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New sustained release hydrogel could mean twice-yearly injections for diabetes sufferers

By Natalie Morrison+

16-Aug-2012

A new hydrogel which can provide a sustained drug release of up to six months could cut diabetes dosage down from 365 injection per year to just two, according to researchers.

The gel, made up largely of water, contains cellulose polymers bound with barrel-shaped molecules known as cucurbiturils which can be loaded with protein or other therapeutics.

The cucurbiturils then act as “handcuffs” to protect and hold the proteins in place so that they can remain active for longer, and releases its payload in controlled, small doses through gaps in the gel.

If the project – conducted by researchers at the University of Cambridge, England – is successful it could drastically reduce the number of dosages needed for long-term chronic illnesses, such as diabetes, cancer or HIV.

Speaking to in-PharmaTechnologist.com, lead researcher Oren Scherman said: “The new gel material is radically different from any other material available in that the containment provided by the gel is dynamic – gaps or pores in the gel are constantly opening and closing and this contributes to the extended slow release of the biotherapeutic.”

He added that the hydrogel’s ability to become fluid when delivered via injection, then become gel-like again once in the desired location is important for administering treatment to otherwise difficult locations.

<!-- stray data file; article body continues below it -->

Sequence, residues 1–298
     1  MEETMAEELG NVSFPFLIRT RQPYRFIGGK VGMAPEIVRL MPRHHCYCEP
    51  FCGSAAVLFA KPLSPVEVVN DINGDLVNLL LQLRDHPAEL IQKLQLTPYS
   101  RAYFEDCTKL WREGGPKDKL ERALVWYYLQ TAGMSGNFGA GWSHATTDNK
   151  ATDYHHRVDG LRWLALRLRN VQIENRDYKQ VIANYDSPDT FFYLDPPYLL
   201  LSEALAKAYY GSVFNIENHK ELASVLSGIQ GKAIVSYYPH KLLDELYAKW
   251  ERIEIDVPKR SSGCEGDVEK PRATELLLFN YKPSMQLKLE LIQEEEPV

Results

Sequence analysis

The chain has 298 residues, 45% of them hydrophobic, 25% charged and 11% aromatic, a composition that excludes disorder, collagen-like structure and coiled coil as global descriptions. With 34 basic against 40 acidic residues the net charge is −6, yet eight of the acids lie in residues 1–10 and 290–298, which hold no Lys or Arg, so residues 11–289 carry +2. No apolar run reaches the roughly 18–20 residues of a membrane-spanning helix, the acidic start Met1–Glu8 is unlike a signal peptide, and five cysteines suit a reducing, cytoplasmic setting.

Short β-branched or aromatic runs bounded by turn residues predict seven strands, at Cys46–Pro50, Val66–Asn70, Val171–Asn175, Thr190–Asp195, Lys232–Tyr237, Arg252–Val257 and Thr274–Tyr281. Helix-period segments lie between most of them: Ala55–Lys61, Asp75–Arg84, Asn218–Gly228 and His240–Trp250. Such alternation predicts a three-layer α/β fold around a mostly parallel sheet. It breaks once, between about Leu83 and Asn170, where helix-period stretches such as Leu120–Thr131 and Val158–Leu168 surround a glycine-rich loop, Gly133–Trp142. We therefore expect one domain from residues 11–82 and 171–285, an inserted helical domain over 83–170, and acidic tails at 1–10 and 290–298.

“We see this as particularly relevant in placing biotherapeutics in otherwise difficult locations to treat, say brain cancer,” he said.

The uptick for industry

In the paper, titled ‘Sustained release of proteins from high water content supramolecular polymer hydrogels’, the team also say that as the product is 99.7 per cent water, the ease and cost effectiveness with which the hydrogel can be produced could be a boon for the biomedical industry.

“These hydrogels are easily processed and the simplicity of their preparation, their availability from inexpensive renewable resources, and the tunability of their mechanical properties are distinguishing for important biomedical applications,” they said.

Scherman added that for patients in remote locations – particularly for those in emerging markets – the tech could do very well.

“The material will be particularly important where the patients are remote from clinics but still need frequent injections,” he said. “This could equally apply to treating chronic diseases in the developing world or indeed military personnel in remote field locations.”

In a statement, fellow researcher Eric Appel added that for those too poor to have regular access to a doctor, such as the millions of HIV sufferers in Africa, long-term release would be useful.

“If patients only have to take one shot which will give them six months’ worth of medication, we’ll have a much greater chance of affecting an entire population and slowing or stopping the progression of a disease,” he said.

A spokesperson for Cambridge University told us this is an early stage technology – with specific therapeutics trials in vivo yet to take place – but that the team are “interested in talking with specialist drug delivery technology companies or pharma companies with specific drug delivery challenges.”

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